Mark Twain


It’s a well-known tale.

The young Samuel Clemens, embarking on his literary career, and in search of a pen-name, adopts the cry of the Mississippi rivermen, “mark twain!”, which has something or other to do with gauging the depth of the river.

Thus was born one of America’s greatest and most celebrated authors, Mark Twain.

But is the story true? Did the crew of the steamboats plying the river really cry out, — as the story is told — “by the mark twain”?

Turns out, they did. When Sam Clemens/Mark Twain was a mere lad (just about Huckleberry Finn’s age), other authors were using the phrase to draw a picture of life on a steamboat (though not necessarily on the Mississippi).

The FirstMention of the phrase mark twain dates back to this 1843 passage in a story called Life in Mexico by the rather mysterious author, Madame C____ de la B______

Mark Twain’s first use of his nom de plume is generally regarded to date back to a February 1863 newspaper column, although the earliest FirstMention use I could actually find an image for was a month later, in the March 14, 1863 Morning Oregonian.

Twain, then a reporter in Oregon, engaged in a no-holds-barred sparring match with a fellow journalist he dubbed the Unreliable. The voice is unmistakable Twain, and in this snippet, Unreliable springs back to life at his own funeral in a manner that foreshadows Huck and Tom Sawyer’s return from the dead in a later story.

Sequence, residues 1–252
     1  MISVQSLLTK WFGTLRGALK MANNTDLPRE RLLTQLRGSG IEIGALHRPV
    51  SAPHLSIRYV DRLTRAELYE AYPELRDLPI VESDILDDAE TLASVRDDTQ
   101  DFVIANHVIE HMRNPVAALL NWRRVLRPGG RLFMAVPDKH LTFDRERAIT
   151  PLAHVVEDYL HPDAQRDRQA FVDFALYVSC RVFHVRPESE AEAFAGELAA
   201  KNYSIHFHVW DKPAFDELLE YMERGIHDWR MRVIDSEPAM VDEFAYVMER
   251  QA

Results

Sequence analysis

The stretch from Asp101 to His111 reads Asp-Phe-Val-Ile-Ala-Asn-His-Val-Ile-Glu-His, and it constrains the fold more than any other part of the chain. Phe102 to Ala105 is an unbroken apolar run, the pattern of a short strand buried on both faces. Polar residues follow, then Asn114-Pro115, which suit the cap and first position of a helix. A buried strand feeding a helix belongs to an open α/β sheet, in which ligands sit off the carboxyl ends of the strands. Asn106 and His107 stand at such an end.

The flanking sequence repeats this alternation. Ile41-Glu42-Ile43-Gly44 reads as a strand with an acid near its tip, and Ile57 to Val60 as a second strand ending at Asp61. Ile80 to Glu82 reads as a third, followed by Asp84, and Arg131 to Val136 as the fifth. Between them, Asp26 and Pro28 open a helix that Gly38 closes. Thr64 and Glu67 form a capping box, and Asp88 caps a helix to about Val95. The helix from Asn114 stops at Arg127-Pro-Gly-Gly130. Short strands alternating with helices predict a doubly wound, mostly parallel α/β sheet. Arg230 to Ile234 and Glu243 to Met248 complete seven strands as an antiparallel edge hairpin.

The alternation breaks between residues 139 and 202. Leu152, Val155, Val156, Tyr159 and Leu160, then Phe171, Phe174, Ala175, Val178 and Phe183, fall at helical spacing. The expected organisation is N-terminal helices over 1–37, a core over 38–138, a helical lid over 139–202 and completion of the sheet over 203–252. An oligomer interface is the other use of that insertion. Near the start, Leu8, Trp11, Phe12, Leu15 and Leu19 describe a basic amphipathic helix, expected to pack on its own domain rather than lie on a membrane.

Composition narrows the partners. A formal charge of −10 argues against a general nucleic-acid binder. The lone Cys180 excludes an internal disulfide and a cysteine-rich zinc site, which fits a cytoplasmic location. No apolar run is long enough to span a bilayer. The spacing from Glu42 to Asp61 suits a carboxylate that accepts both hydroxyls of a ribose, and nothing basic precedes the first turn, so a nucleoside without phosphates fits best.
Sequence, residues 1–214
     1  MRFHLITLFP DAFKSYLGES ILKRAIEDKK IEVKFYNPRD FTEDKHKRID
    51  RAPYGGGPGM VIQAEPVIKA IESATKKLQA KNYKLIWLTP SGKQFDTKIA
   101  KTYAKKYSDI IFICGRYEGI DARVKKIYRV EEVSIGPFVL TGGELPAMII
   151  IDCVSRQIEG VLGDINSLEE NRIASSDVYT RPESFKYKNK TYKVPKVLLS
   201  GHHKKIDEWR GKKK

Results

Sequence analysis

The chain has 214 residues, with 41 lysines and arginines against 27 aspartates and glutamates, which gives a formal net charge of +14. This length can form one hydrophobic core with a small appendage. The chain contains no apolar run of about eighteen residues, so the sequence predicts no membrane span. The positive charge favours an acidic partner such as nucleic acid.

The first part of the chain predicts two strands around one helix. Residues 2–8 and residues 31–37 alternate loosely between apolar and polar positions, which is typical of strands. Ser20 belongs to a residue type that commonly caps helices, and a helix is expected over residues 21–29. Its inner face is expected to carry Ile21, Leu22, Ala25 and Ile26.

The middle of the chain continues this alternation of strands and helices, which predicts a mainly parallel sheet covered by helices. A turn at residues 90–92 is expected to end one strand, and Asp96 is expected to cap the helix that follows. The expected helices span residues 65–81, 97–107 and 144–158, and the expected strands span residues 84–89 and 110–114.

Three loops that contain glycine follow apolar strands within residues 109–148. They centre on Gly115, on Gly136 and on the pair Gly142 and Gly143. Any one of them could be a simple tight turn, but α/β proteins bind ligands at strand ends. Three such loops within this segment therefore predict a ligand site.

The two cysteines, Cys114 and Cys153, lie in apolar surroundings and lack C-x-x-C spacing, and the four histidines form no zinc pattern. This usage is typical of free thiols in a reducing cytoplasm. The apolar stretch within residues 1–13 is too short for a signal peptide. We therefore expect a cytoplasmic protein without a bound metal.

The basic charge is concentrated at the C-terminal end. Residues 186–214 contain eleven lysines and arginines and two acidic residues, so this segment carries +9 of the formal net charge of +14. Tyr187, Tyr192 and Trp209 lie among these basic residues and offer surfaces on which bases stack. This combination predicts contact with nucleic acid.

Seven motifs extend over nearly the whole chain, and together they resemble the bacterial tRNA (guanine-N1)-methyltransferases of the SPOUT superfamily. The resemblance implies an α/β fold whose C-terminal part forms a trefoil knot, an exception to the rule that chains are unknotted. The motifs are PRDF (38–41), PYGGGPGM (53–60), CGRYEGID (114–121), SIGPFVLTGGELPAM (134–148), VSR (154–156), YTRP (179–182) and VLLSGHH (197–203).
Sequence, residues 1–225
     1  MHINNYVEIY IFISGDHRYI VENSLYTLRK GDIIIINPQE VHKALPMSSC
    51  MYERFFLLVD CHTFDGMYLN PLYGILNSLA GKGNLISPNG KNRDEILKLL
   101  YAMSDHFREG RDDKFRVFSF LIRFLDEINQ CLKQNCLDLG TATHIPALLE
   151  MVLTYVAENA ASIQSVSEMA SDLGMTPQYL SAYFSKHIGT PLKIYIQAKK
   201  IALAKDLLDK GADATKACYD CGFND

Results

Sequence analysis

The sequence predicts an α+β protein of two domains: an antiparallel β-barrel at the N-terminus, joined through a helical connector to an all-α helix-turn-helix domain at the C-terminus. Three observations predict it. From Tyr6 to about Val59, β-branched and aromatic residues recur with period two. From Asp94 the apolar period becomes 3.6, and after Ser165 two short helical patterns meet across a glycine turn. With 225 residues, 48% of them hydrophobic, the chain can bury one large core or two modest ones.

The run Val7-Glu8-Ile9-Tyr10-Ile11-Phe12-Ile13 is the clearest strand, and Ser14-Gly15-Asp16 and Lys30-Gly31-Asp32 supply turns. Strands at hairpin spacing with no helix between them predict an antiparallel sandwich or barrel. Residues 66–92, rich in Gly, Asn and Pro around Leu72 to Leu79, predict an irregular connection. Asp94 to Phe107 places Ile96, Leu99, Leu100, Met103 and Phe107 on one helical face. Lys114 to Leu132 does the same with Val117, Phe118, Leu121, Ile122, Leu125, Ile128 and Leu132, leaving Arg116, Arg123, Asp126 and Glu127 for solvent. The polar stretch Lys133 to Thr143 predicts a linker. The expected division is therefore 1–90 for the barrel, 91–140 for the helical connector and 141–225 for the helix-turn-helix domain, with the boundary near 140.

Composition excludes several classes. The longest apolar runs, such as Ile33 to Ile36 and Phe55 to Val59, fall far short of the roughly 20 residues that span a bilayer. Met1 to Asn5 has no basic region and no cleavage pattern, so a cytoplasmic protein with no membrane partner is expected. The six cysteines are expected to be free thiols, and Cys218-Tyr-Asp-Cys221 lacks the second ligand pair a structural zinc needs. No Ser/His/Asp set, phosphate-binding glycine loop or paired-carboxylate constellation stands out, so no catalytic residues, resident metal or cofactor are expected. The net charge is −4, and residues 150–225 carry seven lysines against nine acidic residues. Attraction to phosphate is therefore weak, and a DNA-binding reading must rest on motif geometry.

Clemens himself tells the tale of adopting the nickname Mark Twain, in honor of a legendary steamboater, Capt. Isaiah Sellers. In “Life on the Mississippi” Clemens writes:

Samuel Clemens was publishing under the name Mark Twain at least as early as February 1863. So it certainly doesn’t appear that Seller’s passing was the event that prompted Clemens to adopt the name Mark Twain.

Still, it’s a very cool name.

Our FirstMention research is carried out in many sources, including historical newspaper archives, online family history records, state archives, and old books.

If you’re intereted in finding out a bit more about Mr. Clemens, there are some excellent resources available:

Mark Twain’s estate has set up The Official Web Site of Mark Twain…be sure to check out the excellent collection of photos.

Wikipedia’s entry on Mark Twain with, again, an excellent photo of an unexpectedly dashing Samuel Clemens.

A good collection of Mark Twain quotes, articles, and links
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